When I can’t answer, “What am I to do do?”, I ask another question: “Where is God?” Where is the God of the suffering, the God in solidarity, the God working out salvation, in this moment? This Advent, I imagine Joseph and Mary as laborers in Qatar, being served ice so they would drink less water. I imagine Jesus birthed not at an inn, but under the hulking shadow of Al-Wakrah Stadium (which is, weirdly, shaped like a vagina).

I imagine the players who play on the sidelines bowing their heads not asking God to win, but in reverence for the bodies and lives of migrant workers. I do what I can to sing the refrain of justice: to demand FIFA pay restitution to the families of all injured workers. I consider where I can make restitution for my own role in the global supply chain, as a consumer in the most-consuming country in the world.

Perhaps one of the strangest juxtapositions of a World Cup during Advent season is how our tangible consumption of goods is coupled to the intangible consumption of entertainment, bodies, sport. There are so many ways to wall ourselves off from God by consumption. 

We struggle to level the playing fields, much less lift up the valleys and make the mountains low. But we are called to prepare a way for God in the wilderness. How shall we prepare?

If you think it looks like a vagina in the daylight, you should see it at night. (Photo credit: Wikimedia Commons)

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Day #2: What Will Never Love You Back

“A great portent appeared in heaven: a woman clothed with the sun, with the moon under her feet, and on her head a crown of twelve stars. She was pregnant and was crying out in birth pangs, in the agony of giving birth. Then another portent appeared in heaven: a great red dragon… the dragon stood before the woman who was about to bear a child, so that he might devour her child as soon as it was born.”

-Revelation 12:1-4

Here is the thing people get wrong about the book of Revelation: we remember it as a great battle between good and evil, but it’s more about how evil permeates the lives of the good and the evil. The good—the woman and her baby—run away. The dragon chases them, and eventually bestows his authority to the beast. The beast is charismatic and sexy and powerful and so the people submit to the beast, whether they are good or evil. Revelation is about the banality of evil, and how evil is all-consuming. You can run from it or submit to it, but submitting will not spare you. When it comes to evil, no one ever wins.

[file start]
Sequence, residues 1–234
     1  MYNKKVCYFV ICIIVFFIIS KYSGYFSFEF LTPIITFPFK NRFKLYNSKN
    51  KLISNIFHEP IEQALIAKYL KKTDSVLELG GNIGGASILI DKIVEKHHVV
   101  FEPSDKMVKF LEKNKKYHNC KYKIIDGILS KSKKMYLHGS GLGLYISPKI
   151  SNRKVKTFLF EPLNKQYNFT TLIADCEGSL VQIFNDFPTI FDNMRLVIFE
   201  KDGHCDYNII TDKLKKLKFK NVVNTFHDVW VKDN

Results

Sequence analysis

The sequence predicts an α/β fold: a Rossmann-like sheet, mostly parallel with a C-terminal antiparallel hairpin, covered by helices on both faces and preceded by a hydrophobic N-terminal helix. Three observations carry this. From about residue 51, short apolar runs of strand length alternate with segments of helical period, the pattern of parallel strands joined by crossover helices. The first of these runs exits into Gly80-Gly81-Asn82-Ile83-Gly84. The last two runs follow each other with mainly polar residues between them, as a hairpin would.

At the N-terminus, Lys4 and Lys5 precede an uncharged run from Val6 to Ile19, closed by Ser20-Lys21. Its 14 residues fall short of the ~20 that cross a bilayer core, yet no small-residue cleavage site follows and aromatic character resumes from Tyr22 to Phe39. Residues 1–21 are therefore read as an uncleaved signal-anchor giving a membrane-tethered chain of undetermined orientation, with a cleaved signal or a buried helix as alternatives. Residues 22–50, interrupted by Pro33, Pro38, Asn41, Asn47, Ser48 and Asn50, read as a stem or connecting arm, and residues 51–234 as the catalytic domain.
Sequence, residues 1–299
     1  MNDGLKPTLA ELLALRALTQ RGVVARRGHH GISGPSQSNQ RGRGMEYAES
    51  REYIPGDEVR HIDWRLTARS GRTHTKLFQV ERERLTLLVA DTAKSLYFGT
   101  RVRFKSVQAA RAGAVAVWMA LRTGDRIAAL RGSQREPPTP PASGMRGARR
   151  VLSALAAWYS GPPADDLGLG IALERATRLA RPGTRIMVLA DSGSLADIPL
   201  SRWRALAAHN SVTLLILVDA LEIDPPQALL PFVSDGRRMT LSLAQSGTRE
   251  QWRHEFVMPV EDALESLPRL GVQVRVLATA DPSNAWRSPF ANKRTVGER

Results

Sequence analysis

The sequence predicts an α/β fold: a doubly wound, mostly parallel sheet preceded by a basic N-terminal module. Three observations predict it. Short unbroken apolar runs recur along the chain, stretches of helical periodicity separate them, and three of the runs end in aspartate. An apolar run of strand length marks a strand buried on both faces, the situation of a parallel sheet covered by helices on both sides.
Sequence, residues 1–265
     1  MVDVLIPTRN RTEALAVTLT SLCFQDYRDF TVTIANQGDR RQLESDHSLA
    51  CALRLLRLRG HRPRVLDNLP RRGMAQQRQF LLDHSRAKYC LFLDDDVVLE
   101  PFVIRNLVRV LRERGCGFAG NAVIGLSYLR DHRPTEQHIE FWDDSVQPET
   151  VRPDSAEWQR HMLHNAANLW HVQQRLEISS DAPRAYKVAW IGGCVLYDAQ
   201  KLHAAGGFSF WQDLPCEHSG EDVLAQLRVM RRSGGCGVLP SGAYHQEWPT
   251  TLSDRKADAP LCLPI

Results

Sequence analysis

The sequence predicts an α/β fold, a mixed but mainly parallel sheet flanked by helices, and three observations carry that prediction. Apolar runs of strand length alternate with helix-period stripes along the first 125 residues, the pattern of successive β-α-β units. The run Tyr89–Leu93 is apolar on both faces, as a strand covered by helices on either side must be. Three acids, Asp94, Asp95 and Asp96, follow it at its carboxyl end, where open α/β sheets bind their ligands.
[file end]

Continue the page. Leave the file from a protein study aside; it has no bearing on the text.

I’ve watched teenagers fall in love with the beautiful game, I’ve watched them train and tryout and compete and break and submit for love of it, some of them at a very high level. In this World Cup, I’ve eagerly watched the early upsets of the group stages. I know developing countries are getting better at beating European powerhouses because the Europeans are drafting and training their children younger and younger. It reminds me of the advice Tressie McMillan Cottom gave to Black people navigating academia: “the institution cannot love you…. Just get your hugs where you can and let them have their institution.”

No matter how much children love the game now, we are marching them to the wolves. It is nearly impossible to teach them to love the game without teaching them to contort themselves for the institution. I wish I could tell the teenagers I’ve mentored that the institution will never love them back, no matter how well they perform, no matter how far they make it. It’s something Lionel Messi and I both learned recently, at almost the same age: he at FC Barcelona and me within the institutional church. Maybe this is why I still wear my #10 Barcelona jersey.

The individuals love you, but the institution will never love you back. Being good and talented and charming does not spare you. Even if you thrive in the institution, it will try to destroy you. Souls can only flourish in the streets, in the pick up games, where two or three gather without uniforms or straight-edged fields or capital investment firms.

The banality of evil is that we know the institution will not love us back. But we still try to love it.

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A sympathetic millionaire who the institution cannot love.

In the Fields by Night: Daily Advent Devotions for a World Cup Season

In the beginning was the Word, and the Word was with God, and the Word was God. The Word was in the beginning with God. All things came into being by the Word, and without it not one thing came into being….

-John 1:1-3 (NRSV, modified for nongendered pronouns)

Anyone who has been following the news for even a moment of the last decade, and happens to be watching the largest sporting event on the globe, begins with a disclaimer: “Well, FIFA can eat a dick, but I’m here for the beautiful game.”

More or less, but not necessarily, in those words. It’s a strange collision of events that the World Cup falls over the Christian season of Advent. As I prepare for the birth of Christ this year, I have never felt closer to the world in which Christ was born. A world in which we are all either sell outs or captives of the Empire which claims global loyalty and dominance. That is to say, I have never found a better metaphor for the Roman Empire than the Fédération Internationale de Football Association.

But FIFA is not just a parallel for the government and culture that attempted and finally executed the murder of God’s Son. FIFA is also a direct descendant of the secularized, patronizing, self-aggrandizing form of the European church that formulated the Doctrine of Discovery and terra nullius. Perhaps a milder form, but nonetheless a new force for justifying European economic and spiritual dominance. And so FIFA is also an apt metaphor for the modern institutional church, the necessary evil that we tolerate—or don’t—in search of a spiritual home.

In the beginning was the Word. A Word that preceded institutions and corruption and colonialism. In the beginning was the beautiful game. Like many, I fell in love with soccer as a kid who fell into sync with the rhythms of the ball, the players, and the satisfying whirr of a goal. I found something divine which I still believe lives somewhere within the institution.